How do you know if an economy is doing well? You look at macroeconomic data right? But what if that data is not a true representation of the ground realities? What if it is deliberately distorted to propagate a rosy picture?

As per an article in Moneynews, this seems to be the case with the US economic data. The true unemployment in the US as per certain estimates is 37.2%! This is significantly higher than the 6.7% unemployment rate pegged by the government for December 2013. What is the reason for such a big difference between the two numbers? The problem with the government figures is that it takes into account only the unemployed who are searching for a job. But what about people who have been unable to find a job and have then given up? The article claims that even official inflation numbers are misrepresented because of questionable accounting techniques. Lastly, the misery index too seems to be way higher at 14.7% than the 7.5% figure as per government data. It must be noted that the misery index adds together both unemployment and inflation. At close to 15%, the misery index is the worst in nearly four decades. Taking into account all these factors, the US economic recovery may indeed seem dubious.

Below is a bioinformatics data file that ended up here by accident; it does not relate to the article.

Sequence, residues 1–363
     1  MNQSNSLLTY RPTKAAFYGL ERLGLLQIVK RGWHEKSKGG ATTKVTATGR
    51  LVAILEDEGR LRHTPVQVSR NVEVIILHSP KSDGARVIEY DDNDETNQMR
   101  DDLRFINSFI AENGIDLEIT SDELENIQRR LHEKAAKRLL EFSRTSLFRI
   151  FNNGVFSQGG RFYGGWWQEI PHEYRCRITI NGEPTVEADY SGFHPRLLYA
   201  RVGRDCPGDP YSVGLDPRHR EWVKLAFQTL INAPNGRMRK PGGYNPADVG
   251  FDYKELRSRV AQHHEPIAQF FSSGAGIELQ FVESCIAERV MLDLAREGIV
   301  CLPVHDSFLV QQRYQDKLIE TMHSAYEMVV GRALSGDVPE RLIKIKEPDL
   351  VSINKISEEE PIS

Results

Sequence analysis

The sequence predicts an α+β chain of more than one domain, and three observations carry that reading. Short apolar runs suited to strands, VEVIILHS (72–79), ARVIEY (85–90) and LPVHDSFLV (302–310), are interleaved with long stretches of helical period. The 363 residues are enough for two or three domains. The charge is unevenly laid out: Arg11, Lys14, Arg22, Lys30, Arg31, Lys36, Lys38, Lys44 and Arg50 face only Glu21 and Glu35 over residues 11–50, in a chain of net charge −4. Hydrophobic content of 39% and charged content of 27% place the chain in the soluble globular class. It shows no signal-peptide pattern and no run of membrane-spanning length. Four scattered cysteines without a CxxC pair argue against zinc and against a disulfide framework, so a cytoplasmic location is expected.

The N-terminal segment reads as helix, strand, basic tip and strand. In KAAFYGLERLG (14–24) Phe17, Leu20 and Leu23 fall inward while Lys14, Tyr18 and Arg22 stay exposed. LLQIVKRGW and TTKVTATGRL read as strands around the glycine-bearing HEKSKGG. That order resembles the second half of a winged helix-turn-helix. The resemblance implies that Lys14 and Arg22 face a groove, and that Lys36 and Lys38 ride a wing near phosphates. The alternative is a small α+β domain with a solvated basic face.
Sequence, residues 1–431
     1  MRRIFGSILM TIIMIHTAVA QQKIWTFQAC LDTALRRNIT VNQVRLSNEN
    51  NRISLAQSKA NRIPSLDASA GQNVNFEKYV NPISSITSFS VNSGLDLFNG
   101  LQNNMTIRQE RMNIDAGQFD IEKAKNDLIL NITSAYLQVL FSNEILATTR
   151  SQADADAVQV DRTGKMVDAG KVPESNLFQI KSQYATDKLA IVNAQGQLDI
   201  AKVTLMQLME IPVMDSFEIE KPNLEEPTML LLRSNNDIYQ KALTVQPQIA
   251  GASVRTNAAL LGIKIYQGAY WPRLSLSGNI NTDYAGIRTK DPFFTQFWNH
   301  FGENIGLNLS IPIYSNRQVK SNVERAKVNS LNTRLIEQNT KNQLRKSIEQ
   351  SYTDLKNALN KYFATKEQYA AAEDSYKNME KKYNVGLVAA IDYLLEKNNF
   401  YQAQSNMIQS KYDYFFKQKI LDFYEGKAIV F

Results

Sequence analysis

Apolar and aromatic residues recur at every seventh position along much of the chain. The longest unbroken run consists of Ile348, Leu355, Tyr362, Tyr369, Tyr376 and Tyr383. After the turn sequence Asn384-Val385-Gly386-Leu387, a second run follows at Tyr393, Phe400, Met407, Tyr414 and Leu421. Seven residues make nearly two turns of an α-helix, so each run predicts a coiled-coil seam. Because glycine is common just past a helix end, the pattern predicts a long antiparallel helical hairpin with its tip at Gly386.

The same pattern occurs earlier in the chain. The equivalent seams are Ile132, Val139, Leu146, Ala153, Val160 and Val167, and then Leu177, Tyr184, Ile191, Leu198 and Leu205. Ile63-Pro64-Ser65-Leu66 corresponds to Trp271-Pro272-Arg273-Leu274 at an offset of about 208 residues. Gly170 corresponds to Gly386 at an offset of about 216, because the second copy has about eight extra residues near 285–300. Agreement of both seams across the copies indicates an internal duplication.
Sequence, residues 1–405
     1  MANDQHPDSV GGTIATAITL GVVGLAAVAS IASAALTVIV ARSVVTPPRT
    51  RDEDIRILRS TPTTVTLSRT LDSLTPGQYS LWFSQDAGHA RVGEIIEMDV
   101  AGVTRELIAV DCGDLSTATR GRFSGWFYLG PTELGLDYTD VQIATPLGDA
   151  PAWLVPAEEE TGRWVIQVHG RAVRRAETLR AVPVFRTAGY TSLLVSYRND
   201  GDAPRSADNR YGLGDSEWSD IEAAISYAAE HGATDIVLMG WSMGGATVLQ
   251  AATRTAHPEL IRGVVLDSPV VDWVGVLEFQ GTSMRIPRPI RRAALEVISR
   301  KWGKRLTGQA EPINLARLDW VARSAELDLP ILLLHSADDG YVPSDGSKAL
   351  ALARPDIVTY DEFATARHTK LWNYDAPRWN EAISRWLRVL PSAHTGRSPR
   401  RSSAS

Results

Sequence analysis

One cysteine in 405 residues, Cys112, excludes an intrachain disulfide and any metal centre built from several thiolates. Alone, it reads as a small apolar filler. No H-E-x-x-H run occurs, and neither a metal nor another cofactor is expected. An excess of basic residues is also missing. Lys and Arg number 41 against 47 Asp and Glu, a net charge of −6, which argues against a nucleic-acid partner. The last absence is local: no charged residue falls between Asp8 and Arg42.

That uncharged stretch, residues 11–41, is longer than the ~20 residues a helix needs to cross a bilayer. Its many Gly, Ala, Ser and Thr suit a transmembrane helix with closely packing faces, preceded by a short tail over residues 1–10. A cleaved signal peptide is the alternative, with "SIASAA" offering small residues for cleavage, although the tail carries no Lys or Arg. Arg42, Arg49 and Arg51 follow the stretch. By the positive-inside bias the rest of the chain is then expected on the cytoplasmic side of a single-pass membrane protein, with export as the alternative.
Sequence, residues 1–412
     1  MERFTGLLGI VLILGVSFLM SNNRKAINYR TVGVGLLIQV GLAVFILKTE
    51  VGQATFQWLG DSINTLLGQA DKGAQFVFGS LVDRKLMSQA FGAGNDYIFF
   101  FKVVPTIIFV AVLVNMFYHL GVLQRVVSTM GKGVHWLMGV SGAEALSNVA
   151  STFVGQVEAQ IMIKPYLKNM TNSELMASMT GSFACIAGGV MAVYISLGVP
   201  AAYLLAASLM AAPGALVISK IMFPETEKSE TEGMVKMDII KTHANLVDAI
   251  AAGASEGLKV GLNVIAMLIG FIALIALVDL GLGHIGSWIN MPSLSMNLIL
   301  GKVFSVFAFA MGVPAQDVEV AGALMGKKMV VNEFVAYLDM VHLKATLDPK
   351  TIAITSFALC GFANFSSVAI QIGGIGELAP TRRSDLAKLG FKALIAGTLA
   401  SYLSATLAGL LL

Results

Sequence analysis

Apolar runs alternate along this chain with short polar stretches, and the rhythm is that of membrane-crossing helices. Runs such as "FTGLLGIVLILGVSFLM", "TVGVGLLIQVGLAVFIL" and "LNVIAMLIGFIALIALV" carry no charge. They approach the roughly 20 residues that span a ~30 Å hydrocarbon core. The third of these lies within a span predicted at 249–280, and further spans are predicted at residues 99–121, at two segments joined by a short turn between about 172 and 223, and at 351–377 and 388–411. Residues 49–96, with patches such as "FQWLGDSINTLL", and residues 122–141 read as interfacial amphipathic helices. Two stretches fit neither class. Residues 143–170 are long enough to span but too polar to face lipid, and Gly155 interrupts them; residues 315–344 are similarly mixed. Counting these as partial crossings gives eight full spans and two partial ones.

In the meanwhile, Indian stock markets were trading above the dotted line after opening the day in the red. At the time of writing, the benchmark BSE Sensex was up by 17 points (0.1%). The sectoral indices were trading mixed with capital goods and FMCG sectors leading the pack of gainers, while stocks from the oil and gas and auto spaces were not in favour. Most of the Asian stock markets were trading lower led by Hong Kong and Singapore. The European markets opened on a mixed note.

 Today's investing mantra
"Even when the underlying motive of purchase is mere speculative greed, human nature desires to conceal this unlovely impulse behind a screen of apparent logic and good sense." - Benjamin Graham

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3 Responses to "Your stock has fallen, should you buy more?"

vasant upadhyay

Feb 2, 2014

averaging may not be always good however to go on buying shares at lower prices of company with good fundamentals and strong corporate governance may result in medium to long term gain


vasant upadhyay

Feb 2, 2014

averaging out is not always good but if you have purchased share of the company improving b/s every year with good governance may benefit you in medium to long term


G M Kandoi

Jan 23, 2014

i would average out if the fall is not due to any fundamental changes if observed some thing wrong happening we would prefer to book loss. what is your opinion on averaging Ranbaxy